BALLARAT clergy sex abuse survivor Philip Nagle has thanked the St Patrick’s College student community for acknowledging and apologising for the past.
The former St Patrick’s College student visited the college to meet with headmaster John Crowley and student council leaders in July.
Mr Nagle’s visit followed a letter published by student leaders in The Courier in May as the first Ballarat sitting of the Royal Commission into Institutional Responses to Child Sexual Abuse was closing.
The letter says students tied ribbons onto the college gates to “offer our deepest sympathies and assuring the broader community that the college, as it stands now, is an institution that is acknowledging and apologising for its past, but also hoping to assist in the healing process and then building from that”.
Mr Nagle said the letter prompted him to meet with the student community. He said it was important to him that the college acknowledged sex abuse victims and survivors.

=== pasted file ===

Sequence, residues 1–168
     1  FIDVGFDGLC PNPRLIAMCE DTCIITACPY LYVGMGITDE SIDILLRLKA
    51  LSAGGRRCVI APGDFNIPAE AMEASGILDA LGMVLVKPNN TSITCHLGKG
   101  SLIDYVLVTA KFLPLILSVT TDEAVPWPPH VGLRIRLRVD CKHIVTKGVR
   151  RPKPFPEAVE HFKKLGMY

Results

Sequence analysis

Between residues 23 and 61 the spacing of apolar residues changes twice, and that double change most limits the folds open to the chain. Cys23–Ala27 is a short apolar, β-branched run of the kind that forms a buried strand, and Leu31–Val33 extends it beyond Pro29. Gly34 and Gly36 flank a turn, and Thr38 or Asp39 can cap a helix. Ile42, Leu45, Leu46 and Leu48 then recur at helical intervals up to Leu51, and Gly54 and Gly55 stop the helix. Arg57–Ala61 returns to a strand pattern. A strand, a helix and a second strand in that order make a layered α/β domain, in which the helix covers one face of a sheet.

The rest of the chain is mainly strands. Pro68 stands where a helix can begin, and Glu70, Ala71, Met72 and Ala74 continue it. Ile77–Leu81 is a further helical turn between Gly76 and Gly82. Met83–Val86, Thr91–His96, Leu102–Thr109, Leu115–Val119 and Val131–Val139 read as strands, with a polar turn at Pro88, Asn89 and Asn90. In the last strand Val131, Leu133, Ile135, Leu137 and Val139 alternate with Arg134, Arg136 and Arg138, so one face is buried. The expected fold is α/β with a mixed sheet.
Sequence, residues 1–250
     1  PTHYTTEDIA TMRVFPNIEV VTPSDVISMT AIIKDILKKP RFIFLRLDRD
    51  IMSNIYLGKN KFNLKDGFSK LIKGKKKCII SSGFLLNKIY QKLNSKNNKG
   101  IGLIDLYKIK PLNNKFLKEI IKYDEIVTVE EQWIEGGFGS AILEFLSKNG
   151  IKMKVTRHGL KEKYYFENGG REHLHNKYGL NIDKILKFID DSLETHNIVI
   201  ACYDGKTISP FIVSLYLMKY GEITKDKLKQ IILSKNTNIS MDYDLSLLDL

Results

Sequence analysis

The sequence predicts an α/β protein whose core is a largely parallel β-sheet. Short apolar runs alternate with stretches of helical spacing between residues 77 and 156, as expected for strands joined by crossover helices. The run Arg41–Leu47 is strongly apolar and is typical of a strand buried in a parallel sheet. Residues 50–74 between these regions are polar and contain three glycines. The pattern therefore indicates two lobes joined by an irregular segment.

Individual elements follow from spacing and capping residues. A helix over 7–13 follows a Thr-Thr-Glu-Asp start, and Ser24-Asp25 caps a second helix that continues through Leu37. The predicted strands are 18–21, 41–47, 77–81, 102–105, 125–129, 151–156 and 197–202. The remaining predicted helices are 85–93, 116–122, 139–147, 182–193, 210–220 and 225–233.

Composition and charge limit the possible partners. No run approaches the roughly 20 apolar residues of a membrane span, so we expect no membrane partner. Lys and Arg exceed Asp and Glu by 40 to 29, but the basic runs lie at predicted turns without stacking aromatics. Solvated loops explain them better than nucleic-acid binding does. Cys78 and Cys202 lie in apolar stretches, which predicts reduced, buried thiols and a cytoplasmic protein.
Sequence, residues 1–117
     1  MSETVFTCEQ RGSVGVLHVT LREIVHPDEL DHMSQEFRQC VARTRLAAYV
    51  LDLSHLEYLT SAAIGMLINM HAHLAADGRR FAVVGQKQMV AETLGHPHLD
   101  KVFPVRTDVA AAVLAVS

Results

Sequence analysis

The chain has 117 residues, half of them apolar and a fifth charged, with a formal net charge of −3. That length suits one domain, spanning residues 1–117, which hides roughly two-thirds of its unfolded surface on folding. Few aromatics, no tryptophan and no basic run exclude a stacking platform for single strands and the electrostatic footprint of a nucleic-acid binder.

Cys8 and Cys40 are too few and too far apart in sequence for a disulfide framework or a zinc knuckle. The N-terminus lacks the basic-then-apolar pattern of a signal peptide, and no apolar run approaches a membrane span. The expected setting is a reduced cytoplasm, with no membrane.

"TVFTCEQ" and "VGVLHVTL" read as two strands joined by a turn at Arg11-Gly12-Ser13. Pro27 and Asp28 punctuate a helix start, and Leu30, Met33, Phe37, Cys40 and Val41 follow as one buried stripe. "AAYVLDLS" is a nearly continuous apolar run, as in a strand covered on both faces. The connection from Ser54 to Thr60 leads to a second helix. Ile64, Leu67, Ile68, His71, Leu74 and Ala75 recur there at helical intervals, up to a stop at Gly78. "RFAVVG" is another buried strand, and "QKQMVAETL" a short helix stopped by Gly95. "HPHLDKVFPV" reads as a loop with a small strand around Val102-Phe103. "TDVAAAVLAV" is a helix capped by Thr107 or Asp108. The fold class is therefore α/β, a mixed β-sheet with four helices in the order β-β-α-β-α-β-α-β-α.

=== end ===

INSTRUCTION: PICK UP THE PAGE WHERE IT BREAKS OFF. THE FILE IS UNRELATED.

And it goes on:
“To be acknowledged by (student) leaders and that school is very good,” Mr Nagle said.
He said a positive that came out of the royal commission was that the abuse in schools stopped and they were made safer places.
“We have made our schools safer places because we came forward,” he said.
Headmaster John Crowley said he was proud of the way the students had taken the initiative to write the letter.
“Our student leaders, in this instant, displayed every characteristic you would ever want to see in anybody in a leadership position,” Mr Crowley said.
“They were forthright, honest, compassionate, courageous and caring. They have helped, in a very tangible way, the healing process for many who have been harmed by child sexual abuse and have provided a moment of joy in what is a very difficult period for the entire Ballarat community.”
Mr Crowley meets regularly with victims, survivors and their support networks. The group has discussed a mindfulness program to equip students with awareness and safety skills.